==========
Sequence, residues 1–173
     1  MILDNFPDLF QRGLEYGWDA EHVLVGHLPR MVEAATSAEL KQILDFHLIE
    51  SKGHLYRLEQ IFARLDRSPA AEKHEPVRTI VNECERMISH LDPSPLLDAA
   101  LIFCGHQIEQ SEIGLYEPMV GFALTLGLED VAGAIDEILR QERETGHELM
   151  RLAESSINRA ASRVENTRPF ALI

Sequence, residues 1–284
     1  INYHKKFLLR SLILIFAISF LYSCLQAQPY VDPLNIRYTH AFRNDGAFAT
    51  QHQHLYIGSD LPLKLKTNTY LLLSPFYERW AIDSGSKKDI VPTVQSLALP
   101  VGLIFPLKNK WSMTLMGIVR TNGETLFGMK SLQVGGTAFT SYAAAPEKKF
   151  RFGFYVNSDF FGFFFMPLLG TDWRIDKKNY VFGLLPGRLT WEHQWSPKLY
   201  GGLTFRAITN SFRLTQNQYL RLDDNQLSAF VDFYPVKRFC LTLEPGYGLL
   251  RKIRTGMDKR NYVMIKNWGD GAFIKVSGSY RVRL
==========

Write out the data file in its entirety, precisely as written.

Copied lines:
Sequence, residues 1–173
     1  MILDNFPDLF QRGLEYGWDA EHVLVGHLPR MVEAATSAEL KQILDFHLIE
    51  SKGHLYRLEQ IFARLDRSPA AEKHEPVRTI VNECERMISH LDPSPLLDAA
   101  LIFCGHQIEQ SEIGLYEPMV GFALTLGLED VAGAIDEILR QERETGHELM
   151  RLAESSINRA ASRVENTRPF ALI

Sequence, residues 1–284
     1  INYHKKFLLR SLILIFAISF LYSCLQAQPY VDPLNIRYTH AFRNDGAFAT
    51  QHQHLYIGSD LPLKLKTNTY LLLSPFYERW AIDSGSKKDI VPTVQSLALP
   101  VGLIFPLKNK WSMTLMGIVR TNGETLFGMK SLQVGGTAFT SYAAAPEKKF
   151  RFGFYVNSDF FGFFFMPLLG TDWRIDKKNY VFGLLPGRLT WEHQWSPKLY
   201  GGLTFRAITN SFRLTQNQYL RLDDNQLSAF VDFYPVKRFC LTLEPGYGLL
   251  RKIRTGMDKR NYVMIKNWGD GAFIKVSGSY RVRL